Appleton's Cyclopedia of American Biography, edited by James
Grant Wilson, John Fiske and Stanley L. Klos. Six volumes, New York: D. Appleton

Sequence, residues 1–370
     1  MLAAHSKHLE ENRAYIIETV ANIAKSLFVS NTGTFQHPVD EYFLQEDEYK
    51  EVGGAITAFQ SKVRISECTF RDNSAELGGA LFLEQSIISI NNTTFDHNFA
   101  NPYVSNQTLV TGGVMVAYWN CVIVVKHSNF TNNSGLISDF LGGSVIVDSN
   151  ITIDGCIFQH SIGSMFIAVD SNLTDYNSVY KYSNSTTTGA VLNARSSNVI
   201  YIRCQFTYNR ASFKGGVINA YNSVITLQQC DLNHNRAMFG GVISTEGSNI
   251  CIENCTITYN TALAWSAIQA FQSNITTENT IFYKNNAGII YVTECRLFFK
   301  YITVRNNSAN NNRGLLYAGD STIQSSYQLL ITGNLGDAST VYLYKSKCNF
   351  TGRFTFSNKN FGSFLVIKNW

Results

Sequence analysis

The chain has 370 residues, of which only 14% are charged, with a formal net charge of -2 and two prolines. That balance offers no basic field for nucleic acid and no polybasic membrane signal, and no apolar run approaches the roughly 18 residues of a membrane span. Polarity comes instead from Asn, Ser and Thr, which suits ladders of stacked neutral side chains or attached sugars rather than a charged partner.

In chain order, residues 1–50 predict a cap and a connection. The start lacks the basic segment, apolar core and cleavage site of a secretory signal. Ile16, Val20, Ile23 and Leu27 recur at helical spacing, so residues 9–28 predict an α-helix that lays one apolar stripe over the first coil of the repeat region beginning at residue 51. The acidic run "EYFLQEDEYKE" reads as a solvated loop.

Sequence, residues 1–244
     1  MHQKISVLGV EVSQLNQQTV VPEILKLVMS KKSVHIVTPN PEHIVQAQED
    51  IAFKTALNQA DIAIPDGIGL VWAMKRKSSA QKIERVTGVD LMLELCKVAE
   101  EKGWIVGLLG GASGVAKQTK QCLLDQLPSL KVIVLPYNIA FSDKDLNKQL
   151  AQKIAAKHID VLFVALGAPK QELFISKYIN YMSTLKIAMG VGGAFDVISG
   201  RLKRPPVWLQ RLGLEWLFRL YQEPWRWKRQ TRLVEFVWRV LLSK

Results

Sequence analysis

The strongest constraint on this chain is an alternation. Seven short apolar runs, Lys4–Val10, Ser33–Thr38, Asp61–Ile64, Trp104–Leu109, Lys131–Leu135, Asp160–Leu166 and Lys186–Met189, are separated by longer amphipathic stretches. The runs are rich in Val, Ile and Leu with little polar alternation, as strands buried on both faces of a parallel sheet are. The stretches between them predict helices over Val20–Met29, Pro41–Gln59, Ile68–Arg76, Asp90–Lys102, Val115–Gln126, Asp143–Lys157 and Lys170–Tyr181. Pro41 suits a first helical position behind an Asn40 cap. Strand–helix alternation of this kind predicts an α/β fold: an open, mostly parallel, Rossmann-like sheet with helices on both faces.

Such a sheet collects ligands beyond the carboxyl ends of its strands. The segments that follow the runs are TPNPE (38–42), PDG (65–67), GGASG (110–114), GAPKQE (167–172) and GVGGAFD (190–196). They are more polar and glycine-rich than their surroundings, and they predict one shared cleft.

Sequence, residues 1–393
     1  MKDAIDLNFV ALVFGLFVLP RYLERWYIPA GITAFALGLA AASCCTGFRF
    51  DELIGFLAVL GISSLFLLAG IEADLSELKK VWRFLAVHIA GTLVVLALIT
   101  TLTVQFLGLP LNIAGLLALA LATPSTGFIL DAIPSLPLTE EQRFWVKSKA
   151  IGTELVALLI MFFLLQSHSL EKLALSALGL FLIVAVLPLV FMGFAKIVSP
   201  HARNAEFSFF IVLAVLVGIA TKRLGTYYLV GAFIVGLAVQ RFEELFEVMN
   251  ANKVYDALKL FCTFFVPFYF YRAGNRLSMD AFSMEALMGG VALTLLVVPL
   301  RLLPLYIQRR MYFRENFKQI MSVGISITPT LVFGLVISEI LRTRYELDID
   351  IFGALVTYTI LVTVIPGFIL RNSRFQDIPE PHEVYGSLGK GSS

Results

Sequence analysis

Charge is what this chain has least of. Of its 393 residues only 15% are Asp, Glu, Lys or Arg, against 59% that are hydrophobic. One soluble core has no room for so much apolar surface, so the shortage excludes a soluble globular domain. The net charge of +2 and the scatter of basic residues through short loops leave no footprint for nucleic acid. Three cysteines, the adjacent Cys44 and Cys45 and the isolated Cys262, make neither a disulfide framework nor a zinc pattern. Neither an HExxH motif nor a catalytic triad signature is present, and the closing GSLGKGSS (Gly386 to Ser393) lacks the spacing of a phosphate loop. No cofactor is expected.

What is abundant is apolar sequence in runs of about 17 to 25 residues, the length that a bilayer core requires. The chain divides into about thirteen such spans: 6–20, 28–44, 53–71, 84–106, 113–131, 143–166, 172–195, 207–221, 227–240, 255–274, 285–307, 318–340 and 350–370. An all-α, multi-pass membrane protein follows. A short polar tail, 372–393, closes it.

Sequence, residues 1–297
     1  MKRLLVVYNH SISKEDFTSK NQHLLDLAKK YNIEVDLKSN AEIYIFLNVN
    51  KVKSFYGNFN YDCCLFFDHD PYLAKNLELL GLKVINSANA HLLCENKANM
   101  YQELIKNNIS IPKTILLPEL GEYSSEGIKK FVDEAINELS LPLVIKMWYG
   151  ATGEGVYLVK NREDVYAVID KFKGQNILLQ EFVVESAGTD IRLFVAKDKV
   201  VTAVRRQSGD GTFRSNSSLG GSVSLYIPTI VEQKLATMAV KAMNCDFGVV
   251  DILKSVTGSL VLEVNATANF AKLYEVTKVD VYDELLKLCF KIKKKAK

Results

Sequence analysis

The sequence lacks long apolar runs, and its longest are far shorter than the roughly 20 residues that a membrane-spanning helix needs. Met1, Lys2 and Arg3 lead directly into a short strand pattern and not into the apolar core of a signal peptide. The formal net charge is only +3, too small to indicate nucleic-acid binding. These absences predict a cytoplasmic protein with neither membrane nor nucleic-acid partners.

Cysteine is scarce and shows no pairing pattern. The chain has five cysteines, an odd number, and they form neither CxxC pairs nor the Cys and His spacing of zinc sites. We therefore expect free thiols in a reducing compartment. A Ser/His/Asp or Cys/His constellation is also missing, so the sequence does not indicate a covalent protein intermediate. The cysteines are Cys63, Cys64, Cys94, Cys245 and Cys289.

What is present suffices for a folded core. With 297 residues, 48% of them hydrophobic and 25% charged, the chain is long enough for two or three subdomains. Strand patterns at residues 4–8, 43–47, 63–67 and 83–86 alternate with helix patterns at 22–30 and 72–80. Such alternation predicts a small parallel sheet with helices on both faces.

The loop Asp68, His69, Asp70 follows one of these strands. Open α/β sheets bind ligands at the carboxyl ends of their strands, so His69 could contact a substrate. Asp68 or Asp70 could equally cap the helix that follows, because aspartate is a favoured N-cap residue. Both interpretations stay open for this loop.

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CARRELL, George Aloysius, R. C. bishop, born in Philadelphia, Pennsylvania, in 1803 ; died in Covington, Kentucky, in 1868. At ten years of age he began his studies at Mount St. Mary's College, Emmettsburg, where he remained three years. He studied in Georgetown College for four years and then entered the novitiate of the Jesuits at White Marsh, Maryland He returned to St. Mary's to complete his theological studies, and was ordained in 1829. During the next six years he performed missionary duty in Pennsylvania, New Jersey, and Delaware, and founded an academy for young ladies, which had more than 300 pupils, as well as a boys' school. After six years of missionary experience he entered the Society of Jesus, was appointed professor in St. Louis University, and was rector of this institution from 1845 till 1848. Between 1851 and 1853 he was president of Purcell mansion College, Cincinnati. On the erection of the eastern portion of Kentucky into the see of Covington in 1853, Dr. Carrell was proposed for the office of bishop by the first national council of Baltimore, and, the recommendation having been sanctioned by the pope, he was consecrated the same year. One of his first undertakings was the erection of the cathedral of St. Mary's, and this he accomplished in less than two years after his installation. His diocese contained only ten churches and seven priests for 7,000 Catholics, scattered over some hundred miles of territory, at the beginning of his episcopate, while there was not an ecclesiastical institution in the diocese. During the fifteen years that followed his consecration there was marked progress, the number of churches increasing to thirty-eight and the priests to thirty-three. He established a hospital for the care of the sick and an asylum for orphan children, and also founded a priory of the order of St. Benedict, a convent of Benedictine nuns, and one of the nuns of the visitation. Academies and parochial schools were erected in every part of his diocese, and he did much to promote education both in Kentucky and Ohio.
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